For many people, there comes a time when it makes sense to stop paying off your landlord’s mortgage and start paying off your own.
The process involved in transitioning from renting a home to owning one can seem daunting and, on the surface, fraught with risk. While issues such as timing the purchase of a home to coincide with the termination of a lease can be problematic, there are steps a renter can take to minimize the stress.
As with any prospective home purchase, the first step is always to talk to a local lender or mortgage broker. Having a track record of making regular, monthly rental payments not only helps establish an attractive credit rating, it also shows the lender that you are a reliable customer capable of the financial discipline required to pay off a mortgage.
Let’s assume you’ve talked to a lender and been given a prequalification letter. Now you can begin your home search in earnest, but how to time buying a home with the end of your lease? First up, timing buying a home can be something akin to timing having a baby – there is no perfect time; you just have one and get on with life.
That said, it is probably better to start looking in earnest when your lease has three to four months to run. Unless you stumble upon the perfect home the first day looking, it can take a couple of months of touring homes with a Realtor to get a feel for the market, what home features are important to you and what you can live without. In short, you need to kiss a few frogs before you find the prince.
Once you have located a home, the process of making an offer then working through the various stages – inspection, title review, survey and appraisal – usually takes anywhere from six weeks to two months.
Assuming everything falls into place, in a perfect world you close on your new home and have a week or two to move out of your rental before the end of your lease. But what happens if the timing is less than perfect?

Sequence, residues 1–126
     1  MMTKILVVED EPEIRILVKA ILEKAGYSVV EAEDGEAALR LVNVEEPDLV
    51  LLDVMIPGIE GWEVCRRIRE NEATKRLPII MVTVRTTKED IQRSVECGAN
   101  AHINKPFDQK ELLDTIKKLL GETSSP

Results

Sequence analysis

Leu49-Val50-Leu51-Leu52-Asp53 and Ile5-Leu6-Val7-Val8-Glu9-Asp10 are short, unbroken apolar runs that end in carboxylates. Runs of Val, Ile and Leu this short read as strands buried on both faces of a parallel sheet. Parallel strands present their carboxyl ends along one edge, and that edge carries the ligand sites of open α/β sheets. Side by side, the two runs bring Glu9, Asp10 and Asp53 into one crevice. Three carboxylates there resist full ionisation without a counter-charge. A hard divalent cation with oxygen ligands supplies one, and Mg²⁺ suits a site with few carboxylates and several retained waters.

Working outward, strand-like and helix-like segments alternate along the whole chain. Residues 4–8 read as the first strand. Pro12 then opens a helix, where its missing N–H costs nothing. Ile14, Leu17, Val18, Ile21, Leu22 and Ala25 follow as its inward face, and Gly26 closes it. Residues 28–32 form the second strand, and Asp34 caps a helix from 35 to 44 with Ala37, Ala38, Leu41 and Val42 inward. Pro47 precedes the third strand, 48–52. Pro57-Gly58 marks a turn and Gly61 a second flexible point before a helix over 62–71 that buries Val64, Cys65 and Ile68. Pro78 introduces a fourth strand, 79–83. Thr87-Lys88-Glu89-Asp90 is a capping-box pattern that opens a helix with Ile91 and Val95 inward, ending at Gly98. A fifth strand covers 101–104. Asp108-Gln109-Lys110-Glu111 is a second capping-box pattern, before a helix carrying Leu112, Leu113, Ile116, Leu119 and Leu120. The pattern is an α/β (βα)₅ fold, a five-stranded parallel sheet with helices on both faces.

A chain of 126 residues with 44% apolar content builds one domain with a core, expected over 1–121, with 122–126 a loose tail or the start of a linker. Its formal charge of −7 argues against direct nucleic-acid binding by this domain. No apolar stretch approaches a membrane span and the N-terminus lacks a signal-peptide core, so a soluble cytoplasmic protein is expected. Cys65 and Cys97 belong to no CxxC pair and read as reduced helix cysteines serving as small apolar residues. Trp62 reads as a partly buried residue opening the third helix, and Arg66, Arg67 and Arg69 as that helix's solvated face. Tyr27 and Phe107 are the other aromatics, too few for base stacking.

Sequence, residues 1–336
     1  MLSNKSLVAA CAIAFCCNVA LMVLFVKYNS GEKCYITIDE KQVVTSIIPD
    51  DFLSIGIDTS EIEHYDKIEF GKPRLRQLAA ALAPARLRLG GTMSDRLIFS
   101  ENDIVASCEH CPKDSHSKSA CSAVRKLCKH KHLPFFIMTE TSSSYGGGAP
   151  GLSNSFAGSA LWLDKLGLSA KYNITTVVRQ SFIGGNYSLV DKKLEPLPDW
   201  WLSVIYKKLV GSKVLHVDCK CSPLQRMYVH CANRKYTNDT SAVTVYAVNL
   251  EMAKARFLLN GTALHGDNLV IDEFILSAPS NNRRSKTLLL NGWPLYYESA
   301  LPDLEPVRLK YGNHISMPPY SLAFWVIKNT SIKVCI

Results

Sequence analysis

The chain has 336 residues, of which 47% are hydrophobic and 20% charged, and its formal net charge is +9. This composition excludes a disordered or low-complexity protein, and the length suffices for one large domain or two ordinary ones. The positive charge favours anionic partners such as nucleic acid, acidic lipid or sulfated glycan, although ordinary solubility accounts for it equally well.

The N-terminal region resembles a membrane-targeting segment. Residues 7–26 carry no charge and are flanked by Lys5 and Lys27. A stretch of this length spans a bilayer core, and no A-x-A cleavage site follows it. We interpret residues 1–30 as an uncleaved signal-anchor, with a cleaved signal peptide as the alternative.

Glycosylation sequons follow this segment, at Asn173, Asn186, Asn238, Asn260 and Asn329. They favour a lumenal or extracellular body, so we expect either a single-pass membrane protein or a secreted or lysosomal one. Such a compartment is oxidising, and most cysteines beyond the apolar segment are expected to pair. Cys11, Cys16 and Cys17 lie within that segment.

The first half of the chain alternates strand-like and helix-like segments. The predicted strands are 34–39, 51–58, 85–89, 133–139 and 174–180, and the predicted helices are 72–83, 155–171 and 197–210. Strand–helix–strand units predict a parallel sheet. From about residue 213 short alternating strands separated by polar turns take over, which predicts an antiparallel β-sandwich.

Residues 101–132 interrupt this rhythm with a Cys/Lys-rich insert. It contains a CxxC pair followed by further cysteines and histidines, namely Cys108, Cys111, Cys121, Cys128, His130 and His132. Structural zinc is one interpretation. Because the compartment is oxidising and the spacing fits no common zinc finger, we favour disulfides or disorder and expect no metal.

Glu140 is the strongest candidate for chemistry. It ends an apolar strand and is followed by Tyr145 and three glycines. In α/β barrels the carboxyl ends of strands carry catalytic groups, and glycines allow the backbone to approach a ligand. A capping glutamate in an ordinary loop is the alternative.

This is where having been a reliable, conscientious tenant can reap rewards. A landlord is far more likely to be flexible with a tenant who has been timely and reliable. This flexibility can extend to allowing you to get out of your lease early, should you find a home immediately, or allowing you to stay on a month-to-month basis while you continue your search or proceed to closing.
It is important to remember that a lease is a binding legal instrument. A landlord is not obligated to release you from the terms of the lease early. Early and open communication can come into play to your advantage here.
Advising your landlord that you are intending to buy your own place can give them lead time to perhaps find a new tenant who can move in soon after you close, thereby allowing you to end your lease early without penalty. Locally, with rental properties currently in short supply, a landlord may well be disposed to allow you out of your lease early, in the knowledge that finding a new tenant will likely not be difficult.
In short, the transition from renting to buying can present logistical challenges, but open communication and educating yourself on the real estate market can minimize these challenges.
Hayden Mellsop is a board member of the Realtors of Central Colorado.